By JEFFREY WHITE Copy Editor Currently up for review by the U.S. Supreme Court is the constitutionality of carrying out the death sentence on mentally retarded killers. Again at the forefront of this legal battle is convicted rapist and murderer John Paul Penry, who has an IQ somewhere between 51 and 63, and who has, according to his lawyer, the intellect of a 7-year-old. As you probably remember, back in 1989 the Supreme Court used Penry’s case to rule that the execution of mentally retarded murderers is not a violation of the Eighth Amendment’s ban on cruel and unusual punishment. Well, it seems Penry is going to get another shot at it, as the nation’s highest court has agreed to reconsider his case. Personally, I don’t see why Penry or any mentally retarded convict on death row should be treated differently because of his lack of intelligence. If anything, that would make the punishment more humane, as mentally inferior convicts would not fully understand the process and would probably not be so anxious or afraid. Thus, in a sense, it could be argued that it would actually be slightly more morally palatable to execute someone who lacks the brainpower to really comprehend what is happening. Also, if the court upholds its prior decision to allow mentally retarded murderers to be executed, it sends out a message to all would-be felons that our justice system does not tolerate such heinous crimes as murder and rape, meaning capital punishment would remain intact as a deterrent to such activities. However, the death penalty is not a deterrent as it is currently administered. Study after study has shown this to be the case. One thing that certainly does not help the death penalty to be the deterrent that it could is the fact that very few actually know what goes on when a person is executed in an electric chair, gas chamber or by lethal injection. Even educated people have a difficult time actually grasping the concept of death. However, seeing it with one’s own eyes would certainly help a person understand the gravity of being put to death. This is why I think that executions should be televised. Like C-SPAN, which televises the proceedings taking place on Capitol Hill, I think there should be a channel that airs executions. This way, we get more bang for our buck when we kill one of our prisoners. Ideally, much like C-SPAN, this channel would be free, even if you forget to pay that cable bill. If you saw what actually happens when someone is electrocuted to death in the electric chair, or when a human dies of asphyxiation in the gas chamber, that would be a pretty powerful experience — possibly powerful enough to make you think twice before committing that violent crime. This may seem like a somewhat radical proposition, but really, it is not. Public executions were commonplace worldwide for centuries, even in this country, until relatively recently. We shouldn’t be ashamed of what our government has relegated to private, behind-closed-doors sessions, and instead make it as public as possible, which would be to televise all government-sanctioned executions. This way, the death penalty will finally be given the chance to be an effective deterrent to capital crimes. It is true; some parents may not want their children to see real death on television. Well, that’s what that box in the corner of the screen is for that says “”TV-MA.”” And frankly, parents should be in control of what programs their children watch, anyway. However, children are already exposed to so much death in the media and in television shows, it would be somewhat pointless not to allow them to watch the executions. The only difference between waching an execution and the countless other shows in which people are killed would be that parents would have to explain to their children that these are real people actually being killed for crimes they have committed. In fact, parents should make it very clear to their children exactly who is executing these people; that it is in fact mommy and daddy killing them. Or maybe mommy and daddy don’t even realize that fact. Fortunately, I have another proposition: execution duty. Execution duty would be the equivalent of jury duty, except that U.S. citizens would be chosen at random to “”throw the switch”” for all executions. It is true that this would create a huge amount of bureaucracy and probably some moral objections as well. But really, we are all “”throwing the switch”” already, as we more than tolerate — in fact, overwhelmingly support — the death penalty in this country. So really, it wouldn’t be any different if we physically killed the prisoners ourselves. People would just be more aware of what they have been doing all along. That can’t be a bad thing. I want to throw the switch myself. I want to see, with my own two eyes, that convicted felon die as his body is electrocuted or poisoned. I want the reality that I already kill on a regular basis to be real in my mind, for that fact to be concrete and tangible. This doesn’t make me crazy. It’s already what I’m doing. It’s already what you’re doing. Face it: You have blood on your hands — though unfortunately not literally, since the government we’ve elected is so good at keeping our murders out of sight, therefore out of mind. That’s why it should be on television. That’s why we should be forced to throw the switch ourselves. That’s why we should have to tell our little children that mommy and daddy kill people. Maybe then we will actually realize what we are doing. And once we do, maybe then we will actually be in a position to decide whether we approve of capital punishment. I agree with what former Supreme Court Justice Thurgood Marshall once said: “”The question with which we must deal is not whether a substantial proportion of American citizens would today, if polled, opine that capital punishment is barbarously cruel, but whether they would find it to be so in light of all information presently available.”” So get all the information presently available, so you can at the very least put yourself in a better position to make that decision. ...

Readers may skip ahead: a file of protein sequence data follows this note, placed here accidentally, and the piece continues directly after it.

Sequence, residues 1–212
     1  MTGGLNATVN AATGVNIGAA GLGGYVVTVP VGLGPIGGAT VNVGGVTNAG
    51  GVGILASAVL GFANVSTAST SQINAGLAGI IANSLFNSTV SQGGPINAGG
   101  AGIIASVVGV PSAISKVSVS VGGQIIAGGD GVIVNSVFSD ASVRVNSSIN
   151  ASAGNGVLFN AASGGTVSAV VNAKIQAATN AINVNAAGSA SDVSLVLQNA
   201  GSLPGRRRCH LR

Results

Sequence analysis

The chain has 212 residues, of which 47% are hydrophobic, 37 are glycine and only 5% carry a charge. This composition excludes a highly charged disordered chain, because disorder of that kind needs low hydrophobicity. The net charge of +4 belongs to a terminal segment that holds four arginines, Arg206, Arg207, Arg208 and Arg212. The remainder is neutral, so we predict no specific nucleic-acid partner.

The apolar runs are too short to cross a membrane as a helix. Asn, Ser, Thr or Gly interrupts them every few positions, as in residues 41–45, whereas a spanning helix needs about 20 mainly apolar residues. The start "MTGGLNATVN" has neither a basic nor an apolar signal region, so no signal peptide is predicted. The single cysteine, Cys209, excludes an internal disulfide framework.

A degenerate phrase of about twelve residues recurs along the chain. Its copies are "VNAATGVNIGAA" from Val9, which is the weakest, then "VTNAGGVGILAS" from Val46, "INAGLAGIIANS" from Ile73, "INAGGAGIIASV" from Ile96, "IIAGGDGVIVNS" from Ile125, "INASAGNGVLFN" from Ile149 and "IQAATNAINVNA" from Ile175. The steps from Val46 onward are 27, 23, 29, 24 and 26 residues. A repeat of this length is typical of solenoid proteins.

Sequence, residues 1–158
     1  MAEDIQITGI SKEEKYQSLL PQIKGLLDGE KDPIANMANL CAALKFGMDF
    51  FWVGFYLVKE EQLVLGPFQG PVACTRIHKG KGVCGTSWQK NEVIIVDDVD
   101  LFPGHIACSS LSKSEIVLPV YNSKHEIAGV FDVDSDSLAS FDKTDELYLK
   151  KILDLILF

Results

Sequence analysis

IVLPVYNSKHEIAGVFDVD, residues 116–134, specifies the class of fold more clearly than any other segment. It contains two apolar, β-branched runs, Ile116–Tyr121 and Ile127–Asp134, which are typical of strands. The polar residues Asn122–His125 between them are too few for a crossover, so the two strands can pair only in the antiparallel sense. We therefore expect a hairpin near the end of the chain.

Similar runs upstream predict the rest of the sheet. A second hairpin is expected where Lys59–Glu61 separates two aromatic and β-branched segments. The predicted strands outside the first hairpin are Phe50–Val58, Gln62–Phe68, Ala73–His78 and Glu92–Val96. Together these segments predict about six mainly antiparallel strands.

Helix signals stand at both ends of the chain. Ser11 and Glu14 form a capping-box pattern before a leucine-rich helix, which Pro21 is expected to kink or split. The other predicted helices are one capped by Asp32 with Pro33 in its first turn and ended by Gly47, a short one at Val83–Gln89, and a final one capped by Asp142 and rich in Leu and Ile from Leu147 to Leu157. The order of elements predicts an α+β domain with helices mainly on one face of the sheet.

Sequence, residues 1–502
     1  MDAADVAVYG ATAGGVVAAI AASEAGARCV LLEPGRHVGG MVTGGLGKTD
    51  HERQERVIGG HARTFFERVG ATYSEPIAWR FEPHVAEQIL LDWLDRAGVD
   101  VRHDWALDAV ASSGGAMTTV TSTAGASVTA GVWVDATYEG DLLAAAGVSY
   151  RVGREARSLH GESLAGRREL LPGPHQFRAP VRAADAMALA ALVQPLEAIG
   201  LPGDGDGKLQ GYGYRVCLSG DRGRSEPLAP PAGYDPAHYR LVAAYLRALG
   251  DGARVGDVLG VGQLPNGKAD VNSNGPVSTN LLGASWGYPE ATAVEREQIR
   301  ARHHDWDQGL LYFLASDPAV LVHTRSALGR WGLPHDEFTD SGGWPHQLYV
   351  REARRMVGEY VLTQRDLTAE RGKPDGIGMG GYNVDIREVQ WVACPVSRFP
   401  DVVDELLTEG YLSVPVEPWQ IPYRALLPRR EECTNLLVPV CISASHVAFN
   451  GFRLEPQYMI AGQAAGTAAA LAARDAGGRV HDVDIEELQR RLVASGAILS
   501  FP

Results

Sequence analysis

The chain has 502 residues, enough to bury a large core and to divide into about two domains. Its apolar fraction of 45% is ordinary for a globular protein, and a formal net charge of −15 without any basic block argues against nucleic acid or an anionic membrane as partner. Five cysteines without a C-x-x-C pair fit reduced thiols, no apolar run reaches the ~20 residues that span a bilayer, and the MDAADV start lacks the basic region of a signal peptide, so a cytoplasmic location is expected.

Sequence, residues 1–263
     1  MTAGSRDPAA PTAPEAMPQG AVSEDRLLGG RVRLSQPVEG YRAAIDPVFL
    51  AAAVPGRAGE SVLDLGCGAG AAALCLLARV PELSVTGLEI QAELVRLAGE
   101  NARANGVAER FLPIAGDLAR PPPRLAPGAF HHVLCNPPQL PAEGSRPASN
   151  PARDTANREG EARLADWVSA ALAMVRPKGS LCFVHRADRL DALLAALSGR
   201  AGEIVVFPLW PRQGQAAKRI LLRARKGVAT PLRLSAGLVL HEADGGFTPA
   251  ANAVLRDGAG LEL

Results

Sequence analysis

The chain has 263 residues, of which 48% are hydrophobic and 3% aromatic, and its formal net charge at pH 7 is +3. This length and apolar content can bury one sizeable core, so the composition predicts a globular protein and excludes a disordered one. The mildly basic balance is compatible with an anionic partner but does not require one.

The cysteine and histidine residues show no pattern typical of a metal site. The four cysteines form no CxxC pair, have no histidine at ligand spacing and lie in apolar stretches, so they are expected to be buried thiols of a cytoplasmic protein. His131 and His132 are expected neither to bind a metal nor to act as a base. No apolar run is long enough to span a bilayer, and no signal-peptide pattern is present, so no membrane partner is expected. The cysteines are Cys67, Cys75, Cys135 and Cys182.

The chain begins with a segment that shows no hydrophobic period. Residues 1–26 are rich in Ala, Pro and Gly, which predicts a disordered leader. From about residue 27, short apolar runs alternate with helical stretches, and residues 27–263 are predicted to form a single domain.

Unveiling the Feminine Mystique